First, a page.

Let's Talk About Our Jobs

Today I'm feeling a bit "venty" - not like "venti" from Starbucks, but more like I want to vent about something because I have a bee in my bonnet that won't stop buzzing.

I'd like to talk about jobs. Work. What we do for a living.

When I graduated from college way back when the only email you had was AOL and everyone was on dialup Internet access and "social media" meant an AOL chatroom, I thought "having a job" meant going to an office (or in my case, a newsroom) for 40+ hours a week.

And that's what I did. I took the first job I was offered at a small town newspaper in the middle of nowhere Pennsylvania. And I hated it. Let me rephrase that: I loved that I was getting paid to write. I hated where I worked. My boss was the devil's right hand man.

Then, when I was in law school (yeah, I have a law degree too) I thought I wanted to be a lawyer because it would be like Ally McBeal and it would be fun.

And then I realized that was crazy talk.
Plus, I failed the bar exam.
A lot.

So, I started working at an 8-to-5 job as an association executive and I had the chance to use the undergraduate journalism degree, but only because I sort of forced them to let me do communications work. (And because my boss was a sexist pig who didn't think a woman could handle contract negotiations with union construction workers but could totally handle marketing issues).

That 40-hour-a-week gig was not so great. Strike one for the "office job."

In the years since then I've had some other "office" jobs too - like the time I worked as an editor in a marketing department at a university and loved it, or the time I worked as a communications manager for the Green Polyester Trolls and hated every minute of it. (That particular job would count as strike two AND three for "office jobs").

And then last year I started working from home.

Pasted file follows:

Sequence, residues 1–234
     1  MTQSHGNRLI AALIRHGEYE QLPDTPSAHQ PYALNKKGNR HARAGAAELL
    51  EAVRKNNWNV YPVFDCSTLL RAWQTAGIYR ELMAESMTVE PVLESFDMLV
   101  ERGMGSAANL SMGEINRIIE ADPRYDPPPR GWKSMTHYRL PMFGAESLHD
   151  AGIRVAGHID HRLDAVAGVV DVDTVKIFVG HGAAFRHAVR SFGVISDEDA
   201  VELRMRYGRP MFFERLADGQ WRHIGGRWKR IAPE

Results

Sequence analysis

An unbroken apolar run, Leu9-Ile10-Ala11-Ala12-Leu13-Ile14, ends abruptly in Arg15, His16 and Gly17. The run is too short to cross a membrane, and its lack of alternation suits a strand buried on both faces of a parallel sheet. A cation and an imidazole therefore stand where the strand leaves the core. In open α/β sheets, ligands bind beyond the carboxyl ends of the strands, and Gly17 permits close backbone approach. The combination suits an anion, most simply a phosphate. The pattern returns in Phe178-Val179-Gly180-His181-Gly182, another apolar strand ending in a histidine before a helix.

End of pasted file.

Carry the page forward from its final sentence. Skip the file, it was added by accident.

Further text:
As in, my office is AT HOME in our fourth bedroom.
And I am a writer.

Hi. My name is Traci and I'm a writer. 
I work at home and eat cereal for lunch.

And no, I don't mean that I "like to write" and have this blog and therefore I think I'm a writer. I mean my job that pays me a salary is that of a writer. I write at least 25 articles every single week. From home. Hell, check out my LinkedIn profile if you want further proof.

But apparently some people think this means I don't have a "real job" because I'm not going into an office every day so I can sit at a desk for nine hours. That my friends in INSANE. You don't need an office in a building to have a real job. My sister is a (damn fine) hairstylist and she has a real job. She sets her own hours and pays for her "office space" (her booth) and yeah, that's a real job.

My point in all this rambling is this - don't assume that just because someone doesn't work AT an office every day means they don't have a "real" job. In this day and age, you can work from just about anywhere. And yeah, I might joke about my work clothes being yoga pants and I might even work in my pajamas on some days, but I do have a real job.

I am a writer.
And I work from home.
And I love every minute of it.